The Bria, Eyler, and Pure defendants contended that they did not have
sufficient contacts with Missouri to support the exercise of personal jurisdiction,
consistent with the Missouri long-arm statute and the requirements of due process. This
Court agreed to the extent that they were not alter egos of defendant Innate. Plaintiff
requested and was granted time to conduct discovery on the limited issue of personal
jurisdiction. However, plaintiff did not conduct any such discovery, but plaintiff
voluntarily dismissed the Bria defendants. The Eyler and Pure defendants have moved to
dismiss for lack of personal jurisdiction.
This Court adopts its articulation of the legal standard set forth in its July
memorandum & order. (See #92 at 2-3 and 7-8.)
Personal jurisdiction as to each set of defendants is discussed below.
A. Pure Family Chiropractic
Plaintiff first maintains that this Court has personal jurisdiction over Pure under
the Missouri Long-Arm Statute and because Pure has sufficient minimum contacts with
the forum state. This is precisely the argument plaintiff made in its briefing on the
defendants’ first motions to dismiss for lack of personal jurisdiction, and this Court has
already rejected those arguments.
This Court allowed plaintiff to take discovery to support the proposition that Pure
was an alter ego of defendant Innate and that it was thus subject to personal jurisdiction
under that theory instead. Plaintiff failed to take any discovery. Further, plaintiff’s
argument in favor of the “alter ego” analysis is identical to its argument that was rejected
by this Court in July. (Compare #82 at 8-11 with #113 at 6-8.) The Court’s ruling
remains unchanged, as it need not revisit the determination that personal jurisdiction does
not exist on the present facts.
B. Eyler Defendants
Again, plaintiff continues to rely on its argument from its briefing on the
defendant’s first motion to dismiss. Plaintiff contends that Robert Eyler may be held
personally liable for his actions, which plaintiff says are sufficient to satisfy personal
jurisdiction requirements. Again, this argument was considered and rejected by the Court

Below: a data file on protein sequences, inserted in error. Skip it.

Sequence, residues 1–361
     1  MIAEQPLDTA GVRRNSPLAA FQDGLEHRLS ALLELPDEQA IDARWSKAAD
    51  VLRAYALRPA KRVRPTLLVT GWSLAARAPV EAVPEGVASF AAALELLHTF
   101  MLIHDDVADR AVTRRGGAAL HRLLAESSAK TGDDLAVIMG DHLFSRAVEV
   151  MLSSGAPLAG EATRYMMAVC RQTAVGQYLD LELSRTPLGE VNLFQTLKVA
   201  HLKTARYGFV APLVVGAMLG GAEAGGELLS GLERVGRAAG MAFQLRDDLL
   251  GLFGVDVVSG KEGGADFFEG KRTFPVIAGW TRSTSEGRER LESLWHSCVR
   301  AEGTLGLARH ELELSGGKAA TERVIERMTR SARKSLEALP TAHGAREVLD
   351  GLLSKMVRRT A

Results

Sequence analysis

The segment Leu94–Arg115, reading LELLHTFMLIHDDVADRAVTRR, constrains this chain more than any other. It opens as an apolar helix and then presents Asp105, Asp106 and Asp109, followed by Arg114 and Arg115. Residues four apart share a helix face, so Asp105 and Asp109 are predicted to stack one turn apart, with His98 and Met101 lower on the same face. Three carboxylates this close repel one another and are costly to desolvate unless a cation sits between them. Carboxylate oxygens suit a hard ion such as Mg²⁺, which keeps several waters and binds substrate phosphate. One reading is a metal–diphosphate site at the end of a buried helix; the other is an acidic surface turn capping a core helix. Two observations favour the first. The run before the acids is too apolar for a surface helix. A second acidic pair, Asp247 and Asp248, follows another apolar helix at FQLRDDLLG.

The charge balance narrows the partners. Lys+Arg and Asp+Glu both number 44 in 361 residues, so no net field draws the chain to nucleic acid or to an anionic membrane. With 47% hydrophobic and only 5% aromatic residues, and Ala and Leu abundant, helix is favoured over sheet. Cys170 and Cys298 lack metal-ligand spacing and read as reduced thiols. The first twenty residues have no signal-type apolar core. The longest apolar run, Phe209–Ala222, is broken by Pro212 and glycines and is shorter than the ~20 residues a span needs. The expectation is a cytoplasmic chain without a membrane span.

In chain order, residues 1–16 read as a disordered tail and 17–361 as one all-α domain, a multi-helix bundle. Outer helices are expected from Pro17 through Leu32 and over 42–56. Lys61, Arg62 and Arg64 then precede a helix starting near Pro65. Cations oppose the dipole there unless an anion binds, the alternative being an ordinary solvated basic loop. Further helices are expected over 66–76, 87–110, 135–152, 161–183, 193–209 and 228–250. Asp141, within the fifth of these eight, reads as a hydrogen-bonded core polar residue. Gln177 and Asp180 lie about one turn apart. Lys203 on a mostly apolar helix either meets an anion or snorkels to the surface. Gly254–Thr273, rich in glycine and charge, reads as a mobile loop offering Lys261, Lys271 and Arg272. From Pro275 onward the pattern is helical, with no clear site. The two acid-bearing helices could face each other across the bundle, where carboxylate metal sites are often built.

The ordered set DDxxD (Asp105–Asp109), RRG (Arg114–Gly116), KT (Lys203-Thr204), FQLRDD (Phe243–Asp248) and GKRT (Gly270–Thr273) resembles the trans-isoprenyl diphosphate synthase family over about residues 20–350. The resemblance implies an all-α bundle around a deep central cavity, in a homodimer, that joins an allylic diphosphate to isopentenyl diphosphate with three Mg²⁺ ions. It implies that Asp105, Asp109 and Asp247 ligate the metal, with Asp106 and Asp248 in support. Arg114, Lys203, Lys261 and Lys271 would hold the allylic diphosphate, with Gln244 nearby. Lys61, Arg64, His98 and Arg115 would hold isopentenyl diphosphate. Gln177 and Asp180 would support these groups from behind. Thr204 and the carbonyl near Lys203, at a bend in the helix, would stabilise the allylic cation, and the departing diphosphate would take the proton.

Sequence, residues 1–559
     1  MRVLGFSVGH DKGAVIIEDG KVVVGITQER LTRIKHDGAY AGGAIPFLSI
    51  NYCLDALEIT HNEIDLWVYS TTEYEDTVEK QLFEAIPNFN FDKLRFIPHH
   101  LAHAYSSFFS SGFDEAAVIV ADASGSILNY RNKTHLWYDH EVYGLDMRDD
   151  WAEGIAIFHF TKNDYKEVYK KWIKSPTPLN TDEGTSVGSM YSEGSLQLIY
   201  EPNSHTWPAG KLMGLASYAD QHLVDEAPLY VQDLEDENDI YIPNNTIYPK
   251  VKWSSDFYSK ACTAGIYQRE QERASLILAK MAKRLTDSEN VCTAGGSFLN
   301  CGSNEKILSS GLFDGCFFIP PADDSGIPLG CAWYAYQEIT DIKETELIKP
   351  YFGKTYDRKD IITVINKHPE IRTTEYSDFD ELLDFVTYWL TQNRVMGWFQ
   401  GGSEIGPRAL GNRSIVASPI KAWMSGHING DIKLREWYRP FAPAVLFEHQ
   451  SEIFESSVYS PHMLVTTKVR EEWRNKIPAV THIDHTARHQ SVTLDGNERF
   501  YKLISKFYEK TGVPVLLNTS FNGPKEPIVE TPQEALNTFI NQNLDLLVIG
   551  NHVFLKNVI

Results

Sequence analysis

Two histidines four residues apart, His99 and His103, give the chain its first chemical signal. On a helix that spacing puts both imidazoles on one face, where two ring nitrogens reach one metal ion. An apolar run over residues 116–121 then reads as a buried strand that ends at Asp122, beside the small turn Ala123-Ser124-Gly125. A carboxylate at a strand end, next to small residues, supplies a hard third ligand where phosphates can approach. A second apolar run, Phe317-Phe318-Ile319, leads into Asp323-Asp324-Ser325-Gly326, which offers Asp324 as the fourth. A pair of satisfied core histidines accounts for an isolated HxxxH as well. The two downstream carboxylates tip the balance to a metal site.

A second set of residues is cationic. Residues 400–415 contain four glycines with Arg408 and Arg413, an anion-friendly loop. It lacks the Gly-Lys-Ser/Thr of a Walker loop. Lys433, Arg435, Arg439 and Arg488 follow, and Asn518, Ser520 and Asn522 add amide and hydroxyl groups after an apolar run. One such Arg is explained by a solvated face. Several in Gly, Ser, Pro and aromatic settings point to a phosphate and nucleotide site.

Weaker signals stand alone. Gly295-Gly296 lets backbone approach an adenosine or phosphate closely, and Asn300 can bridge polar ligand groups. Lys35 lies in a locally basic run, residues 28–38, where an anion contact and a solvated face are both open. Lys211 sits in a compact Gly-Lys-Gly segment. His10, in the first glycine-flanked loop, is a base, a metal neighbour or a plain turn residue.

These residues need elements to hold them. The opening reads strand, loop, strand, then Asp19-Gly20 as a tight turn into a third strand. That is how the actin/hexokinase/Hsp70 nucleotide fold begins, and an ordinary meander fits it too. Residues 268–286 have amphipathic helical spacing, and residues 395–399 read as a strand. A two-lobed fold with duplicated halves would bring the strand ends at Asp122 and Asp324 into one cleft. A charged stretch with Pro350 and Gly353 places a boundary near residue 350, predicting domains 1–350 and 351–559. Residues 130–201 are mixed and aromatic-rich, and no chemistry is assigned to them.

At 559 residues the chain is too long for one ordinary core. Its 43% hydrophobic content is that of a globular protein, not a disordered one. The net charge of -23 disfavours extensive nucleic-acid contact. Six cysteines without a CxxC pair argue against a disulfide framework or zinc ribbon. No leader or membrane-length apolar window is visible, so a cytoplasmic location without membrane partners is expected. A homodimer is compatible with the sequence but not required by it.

in the July memorandum and order. (#92.)
Plaintiff does not attempt to argue that the Eyler defendants are the alter egos of
defendant Innate, however, as it did in its memorandum opposing the Eyler defendants’
first motion to dismiss. Rather, plaintiff argues that Eyler and Eyler Investments, LLC,
are alter egos because Eyler is the LLC’s sole member and manager. Those are not the
hallmarks of an alter ego relationship --- if they were, then all single member LLCs
would lose protection of the LLC business form. Further, this Court has already rejected
that argument. And although this Court granted plaintiff leave to conduct discovery to
try to prove its alter ego arguments, plaintiff did not do so.
Based on the foregoing, the Court finds that plaintiffs have failed to allege
sufficient facts that the Court may assume personal jurisdiction over the Pure and Eyler
defendants under Missouri’s long-arm statute and the Due Process Clause. The matter
will be dismissed as to those defendants.
IT IS HEREBY ORDERED that defendants’ Motions to Dismiss Plaintiffs’
Second Amended Complaint (#108, #110) are GRANTED.
IT IS FURTHER ORDERED that defendants Gary Robert Eyler, Eyler
Investments, LLC, and Pure Family Chiropractic LLC are DISMISSED.
day of November, 2017.
STEPHEN N. LIMBAUGH, JR.
UNITED STATES DISTRICT JUDGE